In late 2015, a new law went on the books in Russia that allowed individual citizens to file for bankruptcy. The law applied to all types of loans, from consumer and car loans to mortgages and borrowings in a foreign currency. Previously, in post-Soviet Russia, only legal entities such as companies and business partnerships could file for such protection. This change takes us back to the imperial era when private credit and personal bankruptcy were common.
Antonov’s fascinating new book sheds light on the little-studied subject of bankrupts and usurers in nineteenth-century Russia. It joins a recent revival of the legal and administrative history of Russia represented in works by Burbank about peasant legal practice, Pravilova about property law, and Kotsonis about taxation and citizenship.1 Like these other authors, Antonov builds his study on a strong foundation of social [End Page 265] history and rests his arguments on detailed cases of actual usurers and bankrupts.
Antonov accompanies his impressive survey of credit and the law in imperial Russia with frequent comparisons to developments in Europe and the United States. His purpose is to demonstrate that Russia should not be viewed as “backward” in its moneylending practices. A culture of credit that included commonly accepted values, practices, and laws, he argues, was well developed in Russia at all levels of society long before the Great Reforms of the 1860s that overhauled the judicial system. He criticizes writers who idealize Western rationality and compare it to Russia’s supposed lack of rationality and adherence to the rule of law. His study, he claims, “undermines the view that the reforms were imposed on a population whose legal culture had no use for these innovations” (16).
The book is divided into two parts—the culture of debt, and debt and the law. Part 1 offers a series of stories about lenders who charged abusive rates, who were seen as usurers, and whom the police sought to curb in order to protect profligate nobles from ruining their families. But the authorities also had to weigh this objective against the need to keep the flow of credit open even for some high-risk borrowers. Antonov notes that private credit “greatly exceeded state credit operations” and therefore was vital to economic growth.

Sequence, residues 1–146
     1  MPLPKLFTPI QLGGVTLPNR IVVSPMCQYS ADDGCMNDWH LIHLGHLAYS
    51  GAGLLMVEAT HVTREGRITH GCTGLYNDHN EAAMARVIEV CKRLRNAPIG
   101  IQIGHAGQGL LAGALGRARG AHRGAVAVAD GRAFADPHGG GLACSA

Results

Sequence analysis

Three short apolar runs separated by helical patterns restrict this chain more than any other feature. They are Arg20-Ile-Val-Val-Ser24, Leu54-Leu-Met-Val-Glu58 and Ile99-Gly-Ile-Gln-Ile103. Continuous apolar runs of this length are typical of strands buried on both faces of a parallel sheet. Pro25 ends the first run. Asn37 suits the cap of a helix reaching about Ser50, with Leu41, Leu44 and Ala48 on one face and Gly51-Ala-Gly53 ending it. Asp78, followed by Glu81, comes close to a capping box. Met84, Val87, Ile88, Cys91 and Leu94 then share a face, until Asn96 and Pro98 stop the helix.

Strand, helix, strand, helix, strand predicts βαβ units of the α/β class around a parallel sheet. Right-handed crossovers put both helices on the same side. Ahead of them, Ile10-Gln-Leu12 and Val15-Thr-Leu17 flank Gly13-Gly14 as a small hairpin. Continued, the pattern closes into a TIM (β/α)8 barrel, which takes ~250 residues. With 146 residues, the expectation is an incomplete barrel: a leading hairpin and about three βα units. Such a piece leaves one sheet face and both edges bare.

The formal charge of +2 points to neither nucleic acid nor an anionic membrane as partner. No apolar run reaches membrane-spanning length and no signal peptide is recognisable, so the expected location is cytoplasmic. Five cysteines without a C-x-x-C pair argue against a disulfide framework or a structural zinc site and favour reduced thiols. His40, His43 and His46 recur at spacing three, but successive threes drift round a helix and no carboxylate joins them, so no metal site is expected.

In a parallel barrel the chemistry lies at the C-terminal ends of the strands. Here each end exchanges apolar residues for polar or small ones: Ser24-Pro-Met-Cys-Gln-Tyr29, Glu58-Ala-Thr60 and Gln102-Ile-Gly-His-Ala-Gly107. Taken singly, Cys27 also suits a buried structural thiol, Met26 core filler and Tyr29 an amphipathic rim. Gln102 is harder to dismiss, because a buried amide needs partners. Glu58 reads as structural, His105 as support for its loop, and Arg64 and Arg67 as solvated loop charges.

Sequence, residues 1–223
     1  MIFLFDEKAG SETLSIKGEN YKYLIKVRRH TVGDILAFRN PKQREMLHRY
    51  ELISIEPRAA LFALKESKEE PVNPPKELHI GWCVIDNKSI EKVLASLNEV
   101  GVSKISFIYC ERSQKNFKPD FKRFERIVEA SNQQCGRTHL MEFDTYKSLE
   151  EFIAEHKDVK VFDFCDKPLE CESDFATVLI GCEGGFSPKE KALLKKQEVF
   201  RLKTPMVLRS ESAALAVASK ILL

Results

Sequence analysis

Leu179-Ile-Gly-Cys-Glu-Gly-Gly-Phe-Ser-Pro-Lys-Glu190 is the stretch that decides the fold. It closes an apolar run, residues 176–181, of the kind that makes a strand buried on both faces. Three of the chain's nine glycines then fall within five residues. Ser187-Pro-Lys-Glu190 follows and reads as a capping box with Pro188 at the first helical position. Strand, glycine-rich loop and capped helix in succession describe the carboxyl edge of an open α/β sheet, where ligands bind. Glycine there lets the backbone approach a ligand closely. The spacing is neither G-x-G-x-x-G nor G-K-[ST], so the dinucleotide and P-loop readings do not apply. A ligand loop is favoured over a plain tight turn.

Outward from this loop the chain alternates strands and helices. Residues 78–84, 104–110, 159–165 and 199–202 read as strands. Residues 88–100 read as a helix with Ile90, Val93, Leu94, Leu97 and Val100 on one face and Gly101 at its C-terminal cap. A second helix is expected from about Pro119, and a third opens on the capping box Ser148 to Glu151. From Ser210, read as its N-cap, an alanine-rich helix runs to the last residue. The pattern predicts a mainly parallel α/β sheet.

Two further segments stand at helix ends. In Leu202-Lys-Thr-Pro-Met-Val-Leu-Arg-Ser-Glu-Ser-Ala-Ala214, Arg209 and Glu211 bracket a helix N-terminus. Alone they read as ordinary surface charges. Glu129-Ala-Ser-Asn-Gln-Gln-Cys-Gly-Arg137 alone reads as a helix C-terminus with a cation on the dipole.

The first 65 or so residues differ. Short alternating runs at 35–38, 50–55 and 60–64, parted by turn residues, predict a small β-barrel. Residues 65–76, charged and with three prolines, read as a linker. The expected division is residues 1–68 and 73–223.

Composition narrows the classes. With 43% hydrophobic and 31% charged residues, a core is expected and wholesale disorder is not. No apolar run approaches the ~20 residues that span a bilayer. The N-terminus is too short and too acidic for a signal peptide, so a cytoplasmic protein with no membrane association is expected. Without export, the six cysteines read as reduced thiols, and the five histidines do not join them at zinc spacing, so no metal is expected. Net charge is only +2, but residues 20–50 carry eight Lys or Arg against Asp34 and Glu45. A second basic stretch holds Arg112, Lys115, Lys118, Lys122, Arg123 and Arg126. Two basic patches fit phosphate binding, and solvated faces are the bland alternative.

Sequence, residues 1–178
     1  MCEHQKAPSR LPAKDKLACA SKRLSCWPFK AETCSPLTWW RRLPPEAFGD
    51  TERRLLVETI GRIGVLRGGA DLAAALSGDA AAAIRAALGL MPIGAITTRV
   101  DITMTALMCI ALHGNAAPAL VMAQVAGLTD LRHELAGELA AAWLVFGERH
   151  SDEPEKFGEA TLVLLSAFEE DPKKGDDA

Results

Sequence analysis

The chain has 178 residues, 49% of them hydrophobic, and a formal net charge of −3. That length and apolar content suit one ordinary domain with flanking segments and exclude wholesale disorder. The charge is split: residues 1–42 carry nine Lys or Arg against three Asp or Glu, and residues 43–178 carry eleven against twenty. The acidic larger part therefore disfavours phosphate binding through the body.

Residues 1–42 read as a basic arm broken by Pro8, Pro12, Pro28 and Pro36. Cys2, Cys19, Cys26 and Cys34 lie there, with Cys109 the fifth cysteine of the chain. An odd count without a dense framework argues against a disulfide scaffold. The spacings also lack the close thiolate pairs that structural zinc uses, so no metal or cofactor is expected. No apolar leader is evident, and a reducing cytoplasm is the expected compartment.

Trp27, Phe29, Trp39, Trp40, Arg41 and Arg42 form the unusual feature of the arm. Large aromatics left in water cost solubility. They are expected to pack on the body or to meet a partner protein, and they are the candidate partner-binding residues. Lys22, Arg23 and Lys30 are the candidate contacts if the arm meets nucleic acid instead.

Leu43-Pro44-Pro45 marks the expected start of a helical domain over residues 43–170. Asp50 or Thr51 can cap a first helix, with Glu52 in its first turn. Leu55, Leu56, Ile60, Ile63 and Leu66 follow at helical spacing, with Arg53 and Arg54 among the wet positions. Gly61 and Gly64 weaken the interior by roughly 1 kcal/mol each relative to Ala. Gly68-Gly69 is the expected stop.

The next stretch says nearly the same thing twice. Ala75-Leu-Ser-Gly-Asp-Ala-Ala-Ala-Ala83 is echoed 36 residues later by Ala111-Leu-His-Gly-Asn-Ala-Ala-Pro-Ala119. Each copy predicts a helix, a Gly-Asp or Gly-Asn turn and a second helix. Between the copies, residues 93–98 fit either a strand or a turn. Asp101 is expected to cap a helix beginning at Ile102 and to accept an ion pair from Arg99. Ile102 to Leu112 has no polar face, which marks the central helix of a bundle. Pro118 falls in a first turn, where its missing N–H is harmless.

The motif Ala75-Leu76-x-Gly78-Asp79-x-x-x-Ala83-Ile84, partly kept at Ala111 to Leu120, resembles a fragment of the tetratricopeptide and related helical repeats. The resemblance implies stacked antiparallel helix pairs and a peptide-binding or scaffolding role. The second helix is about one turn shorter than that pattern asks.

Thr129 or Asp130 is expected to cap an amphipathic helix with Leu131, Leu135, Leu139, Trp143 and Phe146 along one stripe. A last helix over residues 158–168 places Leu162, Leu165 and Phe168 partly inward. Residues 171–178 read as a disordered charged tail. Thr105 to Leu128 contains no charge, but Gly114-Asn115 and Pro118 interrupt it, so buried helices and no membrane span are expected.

He also points out that improvident nobles were not the outsized problem that is portrayed in Russian literature. Government banking operations did not subsidize the nobility, as is often thought. On the contrary, writes Antonov, the Moscow Board of Trustees bank, which granted loans to the nobility, was paid back more than it lent and “enjoyed a significant positive balance in its accounts.” Commercial credit showed the same level of responsible borrowing. Merchants usually paid off their loans to the Commercial Bank of Saint Petersburg, bad debts being a small part of the picture. Antonov analyzes the social position of borrowers and lenders, the role of friends and family in lending, and cases of swindlers and conmen. Part 2 looks at the role of mediators such as lawyers, scriveners, and government officials in facilitating loans and settlements. Antonov also treats the question of debtors’ prisons and the work of charitable societies in assisting debtors.
At times, Antonov strains to make what sounds like a strawman argument, writing, for example, that “my research contradicts the myth that pre-reform law was dysfunctional to the point of not deserving to be called law at all and that Russians possessed no culture of using the courts in a rational and efficient way to promote and protect their property interests” (285). On this point, and in the book generally, Antonov is working against a body of literature produced by jurists in the late imperial era who exaggerated the inadequacies of pre-reform legal practice in an effort to defend the 1860s judicial reforms against attempts by conservatives to undo them. Although those older views may still enjoy currency in some fields of judicial history and in literary studies, the...